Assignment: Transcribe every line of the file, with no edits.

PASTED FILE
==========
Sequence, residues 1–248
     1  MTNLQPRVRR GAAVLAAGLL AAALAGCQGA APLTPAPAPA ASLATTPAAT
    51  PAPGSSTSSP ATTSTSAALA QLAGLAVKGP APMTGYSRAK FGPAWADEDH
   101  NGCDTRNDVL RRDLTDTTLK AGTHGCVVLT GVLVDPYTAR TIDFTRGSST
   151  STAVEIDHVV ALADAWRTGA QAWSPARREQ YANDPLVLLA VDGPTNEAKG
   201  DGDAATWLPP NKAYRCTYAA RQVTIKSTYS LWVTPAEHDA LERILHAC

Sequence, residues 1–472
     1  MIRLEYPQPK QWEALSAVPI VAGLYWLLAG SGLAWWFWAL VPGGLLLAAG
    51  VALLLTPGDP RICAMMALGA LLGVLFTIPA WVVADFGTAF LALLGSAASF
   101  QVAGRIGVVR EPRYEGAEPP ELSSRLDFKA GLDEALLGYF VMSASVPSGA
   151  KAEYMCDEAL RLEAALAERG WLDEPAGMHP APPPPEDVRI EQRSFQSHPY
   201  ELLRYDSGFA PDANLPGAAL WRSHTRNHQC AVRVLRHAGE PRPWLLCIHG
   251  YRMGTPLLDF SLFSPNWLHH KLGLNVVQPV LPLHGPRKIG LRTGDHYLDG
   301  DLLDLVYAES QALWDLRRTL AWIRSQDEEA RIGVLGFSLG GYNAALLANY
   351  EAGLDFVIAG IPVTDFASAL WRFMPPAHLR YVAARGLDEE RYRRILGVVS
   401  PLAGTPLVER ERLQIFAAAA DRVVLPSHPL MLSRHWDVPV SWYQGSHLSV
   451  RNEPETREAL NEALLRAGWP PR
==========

Sequence, residues 1–248
     1  MTNLQPRVRR GAAVLAAGLL AAALAGCQGA APLTPAPAPA ASLATTPAAT
    51  PAPGSSTSSP ATTSTSAALA QLAGLAVKGP APMTGYSRAK FGPAWADEDH
   101  NGCDTRNDVL RRDLTDTTLK AGTHGCVVLT GVLVDPYTAR TIDFTRGSST
   151  STAVEIDHVV ALADAWRTGA QAWSPARREQ YANDPLVLLA VDGPTNEAKG
   201  DGDAATWLPP NKAYRCTYAA RQVTIKSTYS LWVTPAEHDA LERILHAC

Sequence, residues 1–472
     1  MIRLEYPQPK QWEALSAVPI VAGLYWLLAG SGLAWWFWAL VPGGLLLAAG
    51  VALLLTPGDP RICAMMALGA LLGVLFTIPA WVVADFGTAF LALLGSAASF
   101  QVAGRIGVVR EPRYEGAEPP ELSSRLDFKA GLDEALLGYF VMSASVPSGA
   151  KAEYMCDEAL RLEAALAERG WLDEPAGMHP APPPPEDVRI EQRSFQSHPY
   201  ELLRYDSGFA PDANLPGAAL WRSHTRNHQC AVRVLRHAGE PRPWLLCIHG
   251  YRMGTPLLDF SLFSPNWLHH KLGLNVVQPV LPLHGPRKIG LRTGDHYLDG
   301  DLLDLVYAES QALWDLRRTL AWIRSQDEEA RIGVLGFSLG GYNAALLANY
   351  EAGLDFVIAG IPVTDFASAL WRFMPPAHLR YVAARGLDEE RYRRILGVVS
   401  PLAGTPLVER ERLQIFAAAA DRVVLPSHPL MLSRHWDVPV SWYQGSHLSV
   451  RNEPETREAL NEALLRAGWP PR